Maintenance and Repair knowledge and skills are very portable and what you learn in other industries can be valuable in a road transport career.

Examples of maintenance and repairs roles are:

  • Diesel Mechanic
  • Motor Mechanic
  • Tyre Fitter
  • Trades Assistant
  • Automotive Electrician
  • Panelbeater
  • Vehicle Detailer

Knowledge, Skills and Attributes


Many of the jobs in Maintenance and Repair are trades and completing a recognised apprenticeship or traineeship is required. If you have many years of experience working in a trade area, it can be possible to have your skills officially recognized and be accredited as a tradesperson.

Some of the more common Maintenance and Repair jobs and the qualifications they might need are:

Diesel Mechanic

Diesel Motor Mechanics maintain, test and repair diesel motors and the mechanical parts of trucks, buses and other heavy vehicles such as transmissions, suspension, steering and brakes. You will usually be required to have completed an apprenticeship or had your skills recognised as being at a trade level. You may also need to be licenced as a vehicle repairer and/or certified depending on which state or territory you live in. Typical tasks include:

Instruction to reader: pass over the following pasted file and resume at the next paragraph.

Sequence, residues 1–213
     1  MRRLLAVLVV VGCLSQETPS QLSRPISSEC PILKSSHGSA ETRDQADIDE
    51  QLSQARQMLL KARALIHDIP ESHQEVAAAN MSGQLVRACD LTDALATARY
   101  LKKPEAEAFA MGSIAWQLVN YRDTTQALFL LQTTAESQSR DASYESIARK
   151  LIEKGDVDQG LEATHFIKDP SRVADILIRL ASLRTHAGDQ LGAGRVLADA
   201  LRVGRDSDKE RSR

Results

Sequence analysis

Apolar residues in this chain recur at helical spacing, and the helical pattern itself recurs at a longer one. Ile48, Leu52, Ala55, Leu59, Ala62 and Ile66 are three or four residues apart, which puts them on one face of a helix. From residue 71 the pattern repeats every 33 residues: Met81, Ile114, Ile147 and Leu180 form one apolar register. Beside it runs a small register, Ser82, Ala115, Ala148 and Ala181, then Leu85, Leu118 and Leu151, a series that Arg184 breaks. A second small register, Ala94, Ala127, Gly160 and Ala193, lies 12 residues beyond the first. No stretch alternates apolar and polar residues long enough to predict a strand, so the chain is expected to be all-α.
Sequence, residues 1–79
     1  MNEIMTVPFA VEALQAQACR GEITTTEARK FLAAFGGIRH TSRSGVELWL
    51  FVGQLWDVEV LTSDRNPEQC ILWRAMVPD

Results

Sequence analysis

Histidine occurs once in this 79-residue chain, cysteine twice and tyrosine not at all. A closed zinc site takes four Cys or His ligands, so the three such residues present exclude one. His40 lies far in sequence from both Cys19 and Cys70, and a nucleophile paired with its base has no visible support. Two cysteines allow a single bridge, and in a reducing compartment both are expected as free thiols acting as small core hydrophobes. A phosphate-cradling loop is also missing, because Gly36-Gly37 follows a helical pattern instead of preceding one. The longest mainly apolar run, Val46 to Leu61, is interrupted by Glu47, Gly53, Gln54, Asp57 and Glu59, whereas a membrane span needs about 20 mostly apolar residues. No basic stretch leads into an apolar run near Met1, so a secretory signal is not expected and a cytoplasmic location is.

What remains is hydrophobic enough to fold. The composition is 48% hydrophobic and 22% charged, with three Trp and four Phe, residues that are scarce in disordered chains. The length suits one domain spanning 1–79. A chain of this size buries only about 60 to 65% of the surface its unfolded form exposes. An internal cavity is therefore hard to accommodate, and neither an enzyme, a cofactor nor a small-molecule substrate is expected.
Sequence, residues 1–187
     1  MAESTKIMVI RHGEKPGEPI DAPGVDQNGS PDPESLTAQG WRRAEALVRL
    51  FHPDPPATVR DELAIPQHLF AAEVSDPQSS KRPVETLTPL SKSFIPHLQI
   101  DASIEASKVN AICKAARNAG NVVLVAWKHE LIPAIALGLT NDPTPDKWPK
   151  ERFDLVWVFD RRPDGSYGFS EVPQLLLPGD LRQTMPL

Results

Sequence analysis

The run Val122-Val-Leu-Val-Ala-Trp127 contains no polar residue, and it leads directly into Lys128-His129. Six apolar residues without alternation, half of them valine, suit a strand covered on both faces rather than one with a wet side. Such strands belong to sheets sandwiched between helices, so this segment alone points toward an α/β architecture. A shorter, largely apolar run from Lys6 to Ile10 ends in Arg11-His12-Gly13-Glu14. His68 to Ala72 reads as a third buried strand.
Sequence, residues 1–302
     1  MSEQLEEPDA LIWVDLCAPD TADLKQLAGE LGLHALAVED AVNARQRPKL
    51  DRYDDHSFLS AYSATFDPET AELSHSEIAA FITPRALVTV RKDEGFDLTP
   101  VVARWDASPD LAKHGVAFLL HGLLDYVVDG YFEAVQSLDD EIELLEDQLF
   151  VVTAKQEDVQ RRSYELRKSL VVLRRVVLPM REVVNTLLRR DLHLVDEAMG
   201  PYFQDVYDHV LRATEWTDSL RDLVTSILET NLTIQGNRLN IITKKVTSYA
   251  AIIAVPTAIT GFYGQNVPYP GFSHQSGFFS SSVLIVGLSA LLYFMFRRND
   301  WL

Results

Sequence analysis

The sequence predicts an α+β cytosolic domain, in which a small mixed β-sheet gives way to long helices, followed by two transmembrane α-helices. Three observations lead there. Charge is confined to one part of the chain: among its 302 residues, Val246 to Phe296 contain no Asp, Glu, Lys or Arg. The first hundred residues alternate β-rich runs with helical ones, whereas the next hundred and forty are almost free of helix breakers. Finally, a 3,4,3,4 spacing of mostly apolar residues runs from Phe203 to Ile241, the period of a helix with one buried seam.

• Detecting and diagnosing faults in engines and parts.
  • Dismantling and removing engine assemblies, transmissions, steering mechanisms and other components, and checking parts.
  • Repairing and replacing worn and defective parts and reassembling mechanical components.
  • Reassembling engines and parts after being repaired.
  • Testing and adjusting mechanical parts after being repaired for proper performance, diagnosing and testing parts with the assistance of computers.
  • May inspect vehicles and issue roadworthiness certificates or detail work required to achieve roadworthiness.

Tyre Fitter